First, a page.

Surface water and groundwater interactions in natural and mining impacted mountain catchments
PhD: University of Colorado Boulder, 2014.
Understanding source waters, flow paths, and residence times of water in mountain ecosystems is important when considering critical issues including the sustainability of downstream use, contaminant transport, and the predictive capabilities of hydrologic modeling. Critical Zone development, climatic conditions, and ecosystem characteristics all influence water movement between surface and sub-surface environments in mountain catchments. Additionally, past and present impacts from hardrock mining have significantly influenced the hydrology and geochemistry of many mountain catchments. An improved understanding of surface water and groundwater interaction in natural- and human-influenced mountain environments is therefore critical to adequately manage water resources derived from the mountains.
This work uses hydrologic measurements and mixing models to address surface water and groundwater interactions in three headwater catchments along an elevational gradient (2446 m to 4084 m) within the Boulder Creek Watershed. Isotopic (δ18O and δ2H) and geochemical (Na+, K+, Si, Ca2+, Mg2+, Cl-, SO42- ANC) tracers are analyzed with End Member Mixing Analysis (EMMA) to identify temporal changes in the relative contributions of source waters to streamflow generation. Results show that streamflow is derived from groundwater, rain, and snow in the montane and sub-alpine catchments, and from groundwater, talus water, and snow in the alpine catchment. Results also demonstrate that total precipitation, the fraction occurring as snow, and runoff efficiency increased with elevation. In contrast, the relative contributions of groundwater to streamflow decreased with elevation.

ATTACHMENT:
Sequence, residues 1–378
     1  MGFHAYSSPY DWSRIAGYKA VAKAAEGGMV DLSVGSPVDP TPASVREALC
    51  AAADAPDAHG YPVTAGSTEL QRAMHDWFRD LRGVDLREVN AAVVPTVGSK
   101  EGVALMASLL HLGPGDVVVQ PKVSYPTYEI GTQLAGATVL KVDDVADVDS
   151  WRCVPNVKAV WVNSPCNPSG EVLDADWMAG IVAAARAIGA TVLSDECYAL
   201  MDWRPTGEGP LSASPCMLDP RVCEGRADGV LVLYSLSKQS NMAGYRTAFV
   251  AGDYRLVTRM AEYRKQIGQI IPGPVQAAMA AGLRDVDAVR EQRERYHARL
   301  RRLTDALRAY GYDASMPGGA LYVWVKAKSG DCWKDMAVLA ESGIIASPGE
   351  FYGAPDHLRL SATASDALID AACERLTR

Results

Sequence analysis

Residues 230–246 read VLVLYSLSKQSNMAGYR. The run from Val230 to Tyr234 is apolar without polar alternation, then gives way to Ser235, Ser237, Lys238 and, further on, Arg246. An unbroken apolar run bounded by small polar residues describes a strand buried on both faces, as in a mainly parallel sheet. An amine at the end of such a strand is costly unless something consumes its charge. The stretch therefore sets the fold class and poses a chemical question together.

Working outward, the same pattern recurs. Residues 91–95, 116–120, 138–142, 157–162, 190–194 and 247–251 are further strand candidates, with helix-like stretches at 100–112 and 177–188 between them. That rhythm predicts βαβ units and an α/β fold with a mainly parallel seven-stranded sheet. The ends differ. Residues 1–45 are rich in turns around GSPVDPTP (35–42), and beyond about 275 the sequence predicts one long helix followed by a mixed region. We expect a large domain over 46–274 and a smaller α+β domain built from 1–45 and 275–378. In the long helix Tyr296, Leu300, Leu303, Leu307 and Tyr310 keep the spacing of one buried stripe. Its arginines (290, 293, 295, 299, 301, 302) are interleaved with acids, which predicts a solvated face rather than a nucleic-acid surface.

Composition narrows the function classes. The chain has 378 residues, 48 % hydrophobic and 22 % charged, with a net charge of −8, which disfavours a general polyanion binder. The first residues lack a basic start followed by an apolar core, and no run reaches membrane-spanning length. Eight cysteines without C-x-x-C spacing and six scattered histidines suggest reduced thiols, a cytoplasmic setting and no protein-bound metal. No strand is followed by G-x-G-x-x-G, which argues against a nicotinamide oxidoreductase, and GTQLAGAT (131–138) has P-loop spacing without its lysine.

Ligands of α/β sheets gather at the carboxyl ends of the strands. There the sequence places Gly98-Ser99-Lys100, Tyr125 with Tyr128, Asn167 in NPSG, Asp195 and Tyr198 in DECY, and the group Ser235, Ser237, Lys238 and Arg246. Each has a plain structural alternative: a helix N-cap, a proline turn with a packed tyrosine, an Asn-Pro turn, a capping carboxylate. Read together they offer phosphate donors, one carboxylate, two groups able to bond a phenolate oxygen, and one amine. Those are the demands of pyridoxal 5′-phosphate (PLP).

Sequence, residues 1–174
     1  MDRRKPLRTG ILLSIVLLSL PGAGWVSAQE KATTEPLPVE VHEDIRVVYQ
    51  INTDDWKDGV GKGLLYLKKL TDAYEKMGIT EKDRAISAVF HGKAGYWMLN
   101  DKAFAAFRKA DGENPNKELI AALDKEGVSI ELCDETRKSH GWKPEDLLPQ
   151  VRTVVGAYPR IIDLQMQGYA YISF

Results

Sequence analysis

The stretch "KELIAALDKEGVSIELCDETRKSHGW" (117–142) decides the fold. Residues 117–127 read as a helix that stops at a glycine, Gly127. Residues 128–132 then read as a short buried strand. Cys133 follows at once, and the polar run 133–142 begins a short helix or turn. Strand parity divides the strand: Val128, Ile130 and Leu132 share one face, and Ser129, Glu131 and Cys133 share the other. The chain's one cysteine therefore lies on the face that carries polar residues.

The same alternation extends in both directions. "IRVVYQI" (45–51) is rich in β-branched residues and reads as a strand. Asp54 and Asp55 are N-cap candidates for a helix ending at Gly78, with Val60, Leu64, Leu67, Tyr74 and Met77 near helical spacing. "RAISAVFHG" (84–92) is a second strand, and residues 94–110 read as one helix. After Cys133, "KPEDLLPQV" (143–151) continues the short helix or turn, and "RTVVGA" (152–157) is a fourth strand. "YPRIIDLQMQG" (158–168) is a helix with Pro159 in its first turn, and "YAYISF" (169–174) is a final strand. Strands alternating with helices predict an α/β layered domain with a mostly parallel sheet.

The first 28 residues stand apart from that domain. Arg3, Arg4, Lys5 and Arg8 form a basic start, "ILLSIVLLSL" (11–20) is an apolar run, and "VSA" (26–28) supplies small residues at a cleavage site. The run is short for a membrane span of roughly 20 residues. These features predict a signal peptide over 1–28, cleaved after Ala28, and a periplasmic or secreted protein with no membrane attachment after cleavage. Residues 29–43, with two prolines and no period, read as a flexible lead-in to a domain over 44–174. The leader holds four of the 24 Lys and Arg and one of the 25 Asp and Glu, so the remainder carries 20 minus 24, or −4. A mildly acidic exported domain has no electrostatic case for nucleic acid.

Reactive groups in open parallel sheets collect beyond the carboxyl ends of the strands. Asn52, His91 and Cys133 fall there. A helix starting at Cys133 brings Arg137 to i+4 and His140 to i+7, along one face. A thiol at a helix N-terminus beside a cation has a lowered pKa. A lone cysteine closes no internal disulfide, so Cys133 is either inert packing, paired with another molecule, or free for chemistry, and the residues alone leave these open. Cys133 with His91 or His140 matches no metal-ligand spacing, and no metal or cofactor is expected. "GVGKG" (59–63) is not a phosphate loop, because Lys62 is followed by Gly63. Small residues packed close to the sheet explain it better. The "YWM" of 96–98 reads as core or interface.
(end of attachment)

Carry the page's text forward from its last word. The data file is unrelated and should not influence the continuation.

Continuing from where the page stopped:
This dissertation also includes two investigations of water sources and pathways leading to the generation of Acid Mine Drainage (AMD) at abandoned hardrock mines. At the Argentine mine in Rico, CO hydrologic connections were identified using natural and applied tracers including isotopes, ionic tracers, and fluorescent dyes. Stable water isotopes (δ18O/δD) identified a well-mixed hydrological system, while tritium levels in mine waters supported a fast flow-through system with mean residence times of months to years. At the Nelson Tunnel in Creede, CO a combined suite of physical hydrologic parameters, hydrogeologic information, solute chemistry, applied tracers, and isotopic tracers (3H, δ18O/δD, 87Sr/86Sr, and δ14C of DIC/DOC) were used to determine the sources, pathways, and sub-surface residence times of water contributing to AMD. Results indicated a well-mixed hydrological system where mine waters were not receiving significant direct meteoric inputs or flow from locally recharged groundwater. Instead the most significant contributions to mine discharge were from a deep groundwater flow system with apparent mean residence times of 5,000 to 10,000 years. Results from the mine studies will aid in developing targeted remediation strategies to reduce the impact of AMD to nearby surface waters.